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Multicultural Literature

Seeing and understanding


other cultures through stories

Two kinds of multicultural lit


different cultures within the U.S.
cultures outside the U.S.

Both can be enormously important and


therefore useful. Both can be very appealing.
Which you choose to emphasize will depend
largely on what you are attempting to achieve
in your class.

Childrens Literature in
Other Countries: Africa
In Africa, where there is incredible poverty in

most of the countries, most of what publishing


that takes place is of textbooks. Picture
books are rare because of the expense of
printing them. Childrens books certainly do
exist, but they are not plentiful, also for
economic reasons.

Childrens Literature in
Latin America and the Caribbean
Rich local folklores have helped produced

some excellent childrens writers and


childrens books. Brazil, Argentina,
Venezuela, and Cuba have the most
developed childrens book publishing
activities.

Childrens Literature in
Asia
Childrens books are seen as far less

important that textbooks. We do, however,


get some books from India (often written in
English), some from China, and a great many
from Japan, where childrens publishing is a
big business.

Childrens Literature in
the Arab World
The Arab world has a very rich tradition of

folklore, but virtually no tradition of literature


for children.

Childrens Literature in
Europe
During the Soviet era, there was plenty of

childrens publishing in Russia and eastern


Europe; that has declined somewhat since
then.
In the rest of Europe and the English
speaking parts of the world, there is, of
course, a great deal of childrens literature.

Benefits of International Childrens


Literature
same benefits that any books confer:

develop reading skills, use of imagination,


awareness of things beyond their own
experience
develops cultural awareness and
understanding of differences
supports development of visual literacy by
presenting new and unfamiliar styles of
illustration; develops aesthetic sensibility

Benefits of International Childrens


Literature
supports the development of language skills,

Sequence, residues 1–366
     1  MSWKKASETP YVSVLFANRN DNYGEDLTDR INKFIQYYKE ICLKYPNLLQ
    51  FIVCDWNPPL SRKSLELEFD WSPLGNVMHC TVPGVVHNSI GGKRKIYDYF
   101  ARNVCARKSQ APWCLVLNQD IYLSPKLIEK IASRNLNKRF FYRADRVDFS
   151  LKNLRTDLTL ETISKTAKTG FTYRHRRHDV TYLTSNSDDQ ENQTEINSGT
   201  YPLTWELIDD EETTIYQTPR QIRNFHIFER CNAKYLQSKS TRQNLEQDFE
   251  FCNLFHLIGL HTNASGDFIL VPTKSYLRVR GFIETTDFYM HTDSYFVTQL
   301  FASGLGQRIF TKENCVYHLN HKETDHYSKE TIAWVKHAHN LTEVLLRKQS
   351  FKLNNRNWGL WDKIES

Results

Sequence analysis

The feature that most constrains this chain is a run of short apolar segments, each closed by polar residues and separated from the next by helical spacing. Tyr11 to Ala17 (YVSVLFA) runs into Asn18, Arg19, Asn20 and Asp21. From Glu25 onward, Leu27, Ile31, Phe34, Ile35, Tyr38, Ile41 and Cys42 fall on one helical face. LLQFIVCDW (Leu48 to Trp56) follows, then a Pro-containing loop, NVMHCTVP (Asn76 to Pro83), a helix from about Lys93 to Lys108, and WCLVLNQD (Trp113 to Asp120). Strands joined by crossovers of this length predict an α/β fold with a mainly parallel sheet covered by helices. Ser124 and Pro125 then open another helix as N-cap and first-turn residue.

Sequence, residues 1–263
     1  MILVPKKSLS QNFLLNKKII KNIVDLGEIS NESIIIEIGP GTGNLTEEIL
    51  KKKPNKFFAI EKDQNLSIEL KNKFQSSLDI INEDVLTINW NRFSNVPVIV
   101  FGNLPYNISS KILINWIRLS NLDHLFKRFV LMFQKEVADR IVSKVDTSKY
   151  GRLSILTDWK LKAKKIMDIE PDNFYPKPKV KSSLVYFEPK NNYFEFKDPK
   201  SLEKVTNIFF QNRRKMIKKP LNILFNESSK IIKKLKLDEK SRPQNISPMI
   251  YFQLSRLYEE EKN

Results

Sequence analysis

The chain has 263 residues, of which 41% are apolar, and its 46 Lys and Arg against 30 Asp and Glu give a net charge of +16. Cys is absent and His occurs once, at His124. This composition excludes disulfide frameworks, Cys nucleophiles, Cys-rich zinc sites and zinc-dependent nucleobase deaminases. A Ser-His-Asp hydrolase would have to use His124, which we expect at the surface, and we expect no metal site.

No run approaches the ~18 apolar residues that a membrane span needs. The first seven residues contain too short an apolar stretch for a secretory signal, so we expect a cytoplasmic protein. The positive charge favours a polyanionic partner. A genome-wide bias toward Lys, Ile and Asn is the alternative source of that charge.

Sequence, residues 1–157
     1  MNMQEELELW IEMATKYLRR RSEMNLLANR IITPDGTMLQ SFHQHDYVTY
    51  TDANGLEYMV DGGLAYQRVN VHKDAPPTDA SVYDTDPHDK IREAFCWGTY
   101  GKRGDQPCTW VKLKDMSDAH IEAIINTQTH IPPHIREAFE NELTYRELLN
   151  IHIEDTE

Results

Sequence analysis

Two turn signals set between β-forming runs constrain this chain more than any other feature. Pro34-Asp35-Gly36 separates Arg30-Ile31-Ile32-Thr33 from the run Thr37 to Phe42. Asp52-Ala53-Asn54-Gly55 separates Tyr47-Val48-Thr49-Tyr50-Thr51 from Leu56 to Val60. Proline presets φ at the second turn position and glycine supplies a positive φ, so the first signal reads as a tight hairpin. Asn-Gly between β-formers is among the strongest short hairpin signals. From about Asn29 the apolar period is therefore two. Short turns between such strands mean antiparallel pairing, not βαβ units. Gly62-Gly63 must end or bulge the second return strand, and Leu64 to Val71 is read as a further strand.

often, by exposing them to different language


patterns and by giving them words for
unfamiliar things, such as tatami mats and
pagodas and rice paddies
helps students recognize what is universal in
people, especially children
helps students appreciate and accept
differences

Benefits of International Childrens


Literature
presents problems that we are insulated from
develops critical thinking skills
can be linked to many other subjects in the

curriculum.

Experiences children are generally


insulated from in the U.S.
struggles to survive
war, violence
prejudice
death
cultural taboos
Of course, books from other cultures can

present commonand similareveryday life


as well.

Evaluating merit: look at


quality of the story
authors background, qualifications, point-of-

view
portrayal of characters (human beings, or just
markers?)
language patterns (is there something
identifiable that comes from the country?)
illustrations (appropriate style for that culture?)
accuracy of details

Pay attention to:


authenticity
insider / outsider debate
quality of translation

are any instances of verbal humor


successfully translated?
are there words that might cause offense?
has the translator purified the text to make
the values more acceptable to American
readers?

availability

Not just novels!


picture books
biographies
poetry
non-fiction

How should students react?


They may well react with disapproval to

cultural elements that are especially different


or unfamiliar.
But you mustnt.

Do you have to approve of


everything?
No
The whole point of reading such a book is to

help students know and understand elements


of culture that differ from their own in some
important ways.
Understanding the differences doesnt require
approvalbut it does require respect where
respect is due.
The greater the difference, the greater the
need for understandingand your guidance.

Using Multicultural Elements


In the class, you and your students should
identify cultural differences
understand whats involved (e.g.: if theres
mention of a holiday that matters in the story,
make sure everyone knows what it is)
try to understand why the culture does things
this waydiscuss benefits as well as costs
compare this element with more familiar ones
keep in mind that not everyone in the class will
have an identical cultural background

Using Multicultural Elements


In the class, you and your students should
above all else, discuss how the cultural
differences affect what is happening in the
story

The End